SQL Server 2016 introduces support for JSON. There isn’t a JSON data type (like the XML data type), instead the JSON document is stored as a nvarchar type.

Examples:
These examples are run using SQL Server 2016 CTP 2.3
Sample Table
This script will create a sample Player table to use in an example.

Relational Data to JSON:
Forming a JSON document from a query is a lot like creating an XML document. We use the FOR JSON clause with either AUTO or PATH.

select JerseyNumber, FirstName, LastName, Position from dbo.Player where JerseyNumber = 2 for json auto;
returns
[{"JerseyNumber":2,"FirstName":"Matt","LastName":"Ryan","Position":"QB"}]

AUTO returns default formatting, where PATH allows the output to be shaped differently. For example, if we wanted to nest the player’s name in the output.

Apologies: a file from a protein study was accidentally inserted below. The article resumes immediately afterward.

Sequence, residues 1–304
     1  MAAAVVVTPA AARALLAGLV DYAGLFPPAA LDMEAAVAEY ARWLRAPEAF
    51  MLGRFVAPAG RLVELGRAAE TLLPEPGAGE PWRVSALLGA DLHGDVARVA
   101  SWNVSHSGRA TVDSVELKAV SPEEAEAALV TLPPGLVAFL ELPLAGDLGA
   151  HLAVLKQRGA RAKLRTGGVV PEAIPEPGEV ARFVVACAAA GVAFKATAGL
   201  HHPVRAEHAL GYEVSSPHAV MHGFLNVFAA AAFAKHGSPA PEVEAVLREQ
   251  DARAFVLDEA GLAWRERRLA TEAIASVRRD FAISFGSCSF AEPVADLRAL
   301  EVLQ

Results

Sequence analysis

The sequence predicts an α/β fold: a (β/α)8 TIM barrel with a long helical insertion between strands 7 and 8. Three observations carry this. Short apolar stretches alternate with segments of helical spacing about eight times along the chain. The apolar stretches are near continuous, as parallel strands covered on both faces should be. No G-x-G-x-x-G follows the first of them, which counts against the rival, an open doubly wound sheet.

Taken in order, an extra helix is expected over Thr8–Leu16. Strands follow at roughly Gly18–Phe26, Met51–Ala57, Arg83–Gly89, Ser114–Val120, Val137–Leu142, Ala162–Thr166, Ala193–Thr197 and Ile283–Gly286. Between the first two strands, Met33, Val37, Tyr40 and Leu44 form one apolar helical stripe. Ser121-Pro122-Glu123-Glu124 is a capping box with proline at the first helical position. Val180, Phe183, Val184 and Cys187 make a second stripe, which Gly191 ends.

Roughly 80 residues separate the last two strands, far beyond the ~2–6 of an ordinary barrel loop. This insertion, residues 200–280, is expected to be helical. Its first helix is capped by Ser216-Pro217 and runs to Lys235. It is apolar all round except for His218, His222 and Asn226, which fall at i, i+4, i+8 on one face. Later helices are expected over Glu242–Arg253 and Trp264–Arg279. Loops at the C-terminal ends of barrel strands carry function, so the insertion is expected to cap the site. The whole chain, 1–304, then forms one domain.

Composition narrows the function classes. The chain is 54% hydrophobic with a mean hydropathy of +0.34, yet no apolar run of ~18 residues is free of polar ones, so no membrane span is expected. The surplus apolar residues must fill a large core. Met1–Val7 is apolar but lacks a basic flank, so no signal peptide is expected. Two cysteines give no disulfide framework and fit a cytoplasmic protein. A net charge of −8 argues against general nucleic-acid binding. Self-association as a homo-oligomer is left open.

select JerseyNumber, FirstName as [Name.FirstName], LastName as [Name.LastName], Position from dbo.Player where JerseyNumber = 2 for json path;
returns
[{"JerseyNumber":2,"Name":{"FirstName":"Matt","LastName":"Ryan"},"Position":"QB"}]

Validating JSON:
One disadvantage with using the NVARCHAR type is that any type of text can be stored, including invalid JSON. According to MSDN an ISJSON function will be added to a future CTP that will validate that a string is a valid JSON document.

Future editions will also include functions to extract data from specified JSON nodes.

More Information:
MSDN – JSON Support
FOR JSON